Pregnancy and delivery
It is strongly advised to undergo screening before becoming pregnant.
It is important that women of child-bearing age who may wish to have a baby and who belong to a family with HHT are tested and treated for vascular abnormalities before pregnancy. A check-up after labour is necessary because small residual pulmonary vascular malformations may grow larger. Embolization of significant vascular malformations is possible during pregnancy despite radiation exposure.
Pregnancy usually progresses normally and miscarriages are no more common than in the normal population. Natural childbirth is possible, preferably in an outpatient department or hospital, because pushing may provoke nosebleeds. Epidural anaesthesia, in general, is not a problem.
Pregnancy and a CAVM
Pregnant patients with a cerebral vascular lesion (CAVM) are possibly at some risk of haemorrhage. The magnitude of the risk is not known exactly and will depend on the angio-architecture of the lesion.
The Dutch view on this problem is that women, who want to become pregnant, have to be screened for CAVMs before, especially when HHT-1 runs in the family.
If the woman is already pregnant with an untreated CAVM, that has not bled, a normal vaginal delivery is indicated with epidural anaesthesia. The second stage of labour (pushing) should not last too long and may be shortened with vacuum extraction. When the CAVM has bled, the neurologist decides about the mode of delivery.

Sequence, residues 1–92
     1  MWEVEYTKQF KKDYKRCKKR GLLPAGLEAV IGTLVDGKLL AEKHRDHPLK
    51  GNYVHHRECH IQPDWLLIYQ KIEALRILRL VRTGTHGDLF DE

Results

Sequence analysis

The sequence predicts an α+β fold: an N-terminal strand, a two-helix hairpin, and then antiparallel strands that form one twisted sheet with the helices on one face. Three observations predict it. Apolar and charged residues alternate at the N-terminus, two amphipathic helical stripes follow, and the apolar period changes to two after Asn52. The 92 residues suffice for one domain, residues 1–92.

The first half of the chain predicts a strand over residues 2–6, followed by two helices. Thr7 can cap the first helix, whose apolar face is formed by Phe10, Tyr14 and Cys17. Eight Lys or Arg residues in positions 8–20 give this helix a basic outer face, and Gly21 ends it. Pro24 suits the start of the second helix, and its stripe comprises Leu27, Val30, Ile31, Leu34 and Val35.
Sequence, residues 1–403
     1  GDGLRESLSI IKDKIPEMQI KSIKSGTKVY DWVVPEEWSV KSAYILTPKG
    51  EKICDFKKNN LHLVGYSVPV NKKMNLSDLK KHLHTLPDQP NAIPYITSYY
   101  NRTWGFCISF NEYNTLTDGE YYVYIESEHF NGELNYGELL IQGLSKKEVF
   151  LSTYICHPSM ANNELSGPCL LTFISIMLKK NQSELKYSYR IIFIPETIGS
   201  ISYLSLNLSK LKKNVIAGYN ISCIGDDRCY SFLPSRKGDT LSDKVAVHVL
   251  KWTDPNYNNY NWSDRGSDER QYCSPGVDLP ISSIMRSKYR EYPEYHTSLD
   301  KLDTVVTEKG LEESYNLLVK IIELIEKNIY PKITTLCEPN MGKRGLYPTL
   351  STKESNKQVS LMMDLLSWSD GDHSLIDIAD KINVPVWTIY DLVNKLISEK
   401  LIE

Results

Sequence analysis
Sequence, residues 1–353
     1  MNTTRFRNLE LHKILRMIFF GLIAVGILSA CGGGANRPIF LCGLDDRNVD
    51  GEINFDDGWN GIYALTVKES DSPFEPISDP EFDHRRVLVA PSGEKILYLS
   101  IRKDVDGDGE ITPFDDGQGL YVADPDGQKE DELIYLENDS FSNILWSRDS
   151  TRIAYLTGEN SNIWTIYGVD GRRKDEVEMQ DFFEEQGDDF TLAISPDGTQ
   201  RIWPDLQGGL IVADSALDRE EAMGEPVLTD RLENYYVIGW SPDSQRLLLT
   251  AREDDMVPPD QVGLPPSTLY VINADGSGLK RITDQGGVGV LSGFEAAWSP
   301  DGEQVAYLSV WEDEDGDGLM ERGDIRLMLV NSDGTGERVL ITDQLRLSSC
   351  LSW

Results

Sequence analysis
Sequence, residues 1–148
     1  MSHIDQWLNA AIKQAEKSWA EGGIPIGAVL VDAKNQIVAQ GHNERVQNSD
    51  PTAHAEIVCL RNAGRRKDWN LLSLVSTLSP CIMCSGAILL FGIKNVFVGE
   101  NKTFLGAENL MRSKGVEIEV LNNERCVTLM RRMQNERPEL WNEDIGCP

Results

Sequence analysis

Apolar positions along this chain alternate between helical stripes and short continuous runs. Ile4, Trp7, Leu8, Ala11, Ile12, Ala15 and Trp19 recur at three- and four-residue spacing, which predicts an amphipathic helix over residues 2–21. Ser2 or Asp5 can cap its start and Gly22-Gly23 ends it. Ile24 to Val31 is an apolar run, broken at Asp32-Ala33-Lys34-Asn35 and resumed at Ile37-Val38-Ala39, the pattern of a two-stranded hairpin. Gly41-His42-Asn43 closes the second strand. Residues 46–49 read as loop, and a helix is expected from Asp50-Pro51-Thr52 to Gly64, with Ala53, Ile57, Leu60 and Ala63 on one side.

If the woman is already pregnant and it is not known, whether a CAVM is present, a vaginal delivery with epidural anaesthesia and shortened second stage of labour is advised, when it concerns HHT-1 or when the type of HHT is not known. In case of HHT-2 a normal vaginal delivery is recommended.
When the baby is born
The baby should be treated just as any other baby, but it will have a chance of 50% to have HHT. It is prudent to measure the oxygen saturation (oximetry) because a low level may point to a pulmonary vascular abnormalities. Of course, a more extensive examination will be necessary, if the baby has any symptoms.
The parents should consider carefully whether they want the baby’s DNA to be tested. It is, of course, a great relief when the DNA test shows that the baby is not affected, but the chance of inheriting the disease is 50% for each child. Symptoms will usually only appear after several years and all this time the parents will have to contend with the knowledge that their apparently healthy child has HHT. Another argument against DNA testing is that the child, when he/she is older, may not want to know whether he/she has HHT.